2020 Philip Levine Prize for Poetry winner
E.C. Belli for her latest book, A Sleep That Is Not Our Sleep
Texas author E.C. Belli is the winner of the 2020 Philip Levine Prize for Poetry book contest, which includes a $2,000 award and publication of her latest book, A Sleep That Is Not Our Sleep, with Anhinga Press.
Based in Round Rock, Texas, Belli is the author of the poetry collection Objects of Hunger, published in 2019 by Southern Illinois University Press. The book won the Crab Orchard Poetry Series First Book Award.
A bilingual poet and translator, her work has appeared in international literary magazines and journals such as PO&SIE, AGNI, VERSE Daily, and others. Belli is the recipient of a Paul & Daisy Soros Fellowship for New Americans.
She is the translator of the short novel I, Little Asylum by Emmanuelle Guattari, published in 2014 by Semiotext(e), and the poetry collection The Nothing Bird: Selected Poems by Pierre Peuchmaurd, published in 2013 by Oberlin College Press. Belli won the Editor’s Choice Award for the Accents Publishing 2010 poetry chapbook contest for her debut chapbook, Plein Jeu.
Cathy Park Hong, the Levine Prize final judge and award-winning poet, memoirist, and professor at Rutgers University-Newark, chose Belli’s manuscript as the winner. There were 940 submissions. Hong wrote of the winning entry:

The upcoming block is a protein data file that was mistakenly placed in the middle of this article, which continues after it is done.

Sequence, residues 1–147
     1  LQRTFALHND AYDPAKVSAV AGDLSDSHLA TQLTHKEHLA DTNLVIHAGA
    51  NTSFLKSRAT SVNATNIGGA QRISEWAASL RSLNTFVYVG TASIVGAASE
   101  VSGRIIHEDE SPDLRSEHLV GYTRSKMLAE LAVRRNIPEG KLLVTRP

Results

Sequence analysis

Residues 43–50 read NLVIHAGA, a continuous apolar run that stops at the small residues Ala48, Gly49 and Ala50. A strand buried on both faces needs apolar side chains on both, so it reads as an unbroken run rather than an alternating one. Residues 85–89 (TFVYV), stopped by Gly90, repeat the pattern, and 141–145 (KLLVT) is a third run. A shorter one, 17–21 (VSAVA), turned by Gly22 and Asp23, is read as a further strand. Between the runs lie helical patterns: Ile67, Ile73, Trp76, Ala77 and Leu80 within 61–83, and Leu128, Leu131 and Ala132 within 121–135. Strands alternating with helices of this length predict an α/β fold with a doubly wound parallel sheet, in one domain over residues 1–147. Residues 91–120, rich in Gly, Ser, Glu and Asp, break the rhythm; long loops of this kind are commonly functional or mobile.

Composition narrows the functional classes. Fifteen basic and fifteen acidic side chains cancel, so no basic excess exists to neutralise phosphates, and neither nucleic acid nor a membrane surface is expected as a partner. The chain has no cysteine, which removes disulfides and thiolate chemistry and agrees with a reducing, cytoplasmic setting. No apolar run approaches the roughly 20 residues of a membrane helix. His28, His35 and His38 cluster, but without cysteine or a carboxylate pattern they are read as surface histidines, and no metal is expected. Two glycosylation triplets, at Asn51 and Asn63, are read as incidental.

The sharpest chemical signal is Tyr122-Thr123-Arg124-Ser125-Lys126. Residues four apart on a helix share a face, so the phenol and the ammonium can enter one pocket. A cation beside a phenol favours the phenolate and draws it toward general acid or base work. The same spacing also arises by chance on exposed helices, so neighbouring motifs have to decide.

“E.C. Belli’s poems are magical. Her poems are intense lyrical distillates, capturing sorrow, or melancholy, or dreamy reverie through the alchemy of music that pulls at my heartstrings. Her poems are lullabies, lamentations, love songs, apostrophes to alter egos that praise the inclement weather of our interior moods. Whimsical, sultry and weighted with grief, A Sleep That Is Not Our Sleep is a collection of poems existing on a plane that is between waking and sleeping; it is a portrait of a beautiful and exquisitely perceptive subconscious.”
Author photo by Matt Valentine.
Hong also noted three manuscripts as contest finalists:
- Play|House by Jorrell Watkins of Iowa City, Iowa;
- Things We Lost in the Swamp by Grant Chemidlin of Los Angeles, California;
- Objects from April and May by Zena Agha of Brooklyn, New York.